Governing Board Minutes: 2011/5/12

The OpenJDK Governing Board met via conference call on Thursday, 12 May 2011 at 15:00 UTC with the following agenda:

  1. Infrastructure update from Oracle
  2. Summary of upcoming process work
  3. Status update on Oracle legal work

Three Board members were present at the start: Doug Lea, Adam Messinger, and Mark Reinhold. Mike Milinkovich sent his regrets in advance.

Two Observers were present at the start: Andrew Haley and Georges Saab. John Duimovich joined the call about 15 minutes late.

The intent of these minutes is to capture the conversational flow of the Board’s discussion and also to record decisions. If you are interested only in the latter then search for the word “AGREED” throughout the text.

1. Infrastructure update from Oracle

Mohan Pakkurti of Oracle was invited to give an update. Mohan introduced himself as working for Georges and being responsible for Oracle’s OpenJDK infrastructure. Mohan prepared a set of slides for the Board and provided a status update on each topic described therein.

Most of the discussion revolved around the selection of a bug-tracking system, an effort which has been in progress for some months now.

Andrew asked how it could work to have an external bug system for OpenJDK that’s separate from Oracle’s internal bug system. Georges replied that Oracle’s intent is not to have separate bug systems with duplicate information but rather for Oracle engineers to use the new, open system for all the work they do in OpenJDK. Mark elaborated, explaining that Oracle engineers would still use an internal system for customer records and other confidential data, and that internal bug reports would link to open bug reports as needed.

Georges stated that it is Oracle’s intent to have the new bug-tracking system in place as early in the development of JDK 8 as possible, but not so early as to disrupt the completion of JDK 7. Doug observed that these constraints suggest it will be in place early in August 2011. Georges confirmed that to be the goal, and that Oracle is actively funding work toward that goal, but given the number of moving parts there is no hard and fast guaranteed date.

Mohan then brought up the topic of code-review systems, stating that he had started looking into this as well and would shortly initiate an open discussion on the choice of such a system. Andrew said that in his view this is one of the most important systems for all contributors, and so any discussion about choosing one must be highly visible.

This segued into a general discussion of which mailing lists should be used for infrastructure-related topics. Mark asked if the Board would prefer to see all infrastructure traffic on a single list, perhaps the widely-read general discussion list. This was informally agreed to be unnecessary, given that it would probably annoy many subscribers. It was suggested instead that when infrastructure discussions take place on more-specific lists, e.g., web-discuss, then quick references to such discussions should be posted to the general discussion list and perhaps a few other widely-read lists as appropriate in order to ensure broad visibility.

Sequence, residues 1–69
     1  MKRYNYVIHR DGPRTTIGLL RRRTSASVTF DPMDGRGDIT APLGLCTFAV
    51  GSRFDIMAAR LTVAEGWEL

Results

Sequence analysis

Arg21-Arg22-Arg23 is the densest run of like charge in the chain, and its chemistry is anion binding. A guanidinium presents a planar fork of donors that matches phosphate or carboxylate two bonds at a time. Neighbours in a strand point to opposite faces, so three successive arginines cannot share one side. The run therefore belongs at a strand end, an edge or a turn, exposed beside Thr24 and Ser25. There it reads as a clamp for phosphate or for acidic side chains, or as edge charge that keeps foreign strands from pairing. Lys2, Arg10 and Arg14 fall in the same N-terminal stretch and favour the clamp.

Moving on, Mohan stated that Project Kenai is Oracle’s preferred platform for the open-source communities it sponsors, and Georges explained further that there is some internal pressure to migrate OpenJDK to that platform. Mark explained how he didn’t think this would be an ideal solution, given that Kenai’s design center is that of a large community of mostly-unrelated projects along the lines of or SourceForge. Doug said that he’d thought that Kenai specifically designed for OpenJDK, but then said he was quickly dissuaded after looking at it in real time during the call.

Andrew asked what could be done to make it easy for a contributor not associated with any of our companies to work on a bug and offer a fix, stressing that this is as much a process issue as it is an infrastructure issue. Doug observed that we can probably avoid a fair amount process documentation just by having good infrastructure, and in particular by having bug-tracking and code-review systems that are deeply integrated.

Georges asked if anyone had feedback on the two candidate bug systems, Bugzilla and JIRA. Doug said that he has used both a little bit and mildly prefers JIRA. John said that he and his team use JIRA and like it, but he doesn’t have a strong preference.

Andrew thanked Mohan for his efforts and noted that the community is eager to benefit from his work.

2. Summary of upcoming process work

This topic was moved to next week’s agenda due to time constraints.

3. Status update on Oracle legal work

Adam reported that Oracle’s legal department had completed its review of the OpenJDK Community Bylaws, requesting only the few minor changes which had earlier been communicated to the Board by Mark. In order for the new Bylaws draft to be published Adam now only needs to get approval from his EVP; he expects that to take less than a week.

Adam asked the other Board members to relay their feedback on these minor changes as soon as possible. Mike had already given his approval via e-mail. Doug immediately approved the changes. John said that IBM would review the changes promptly.

Doug asked about the status of revising the Oracle Contributor Agreement (OCA). Mark replied that a new full-time hire at Oracle will be driving that process forward, and that Doug should hear from him soon.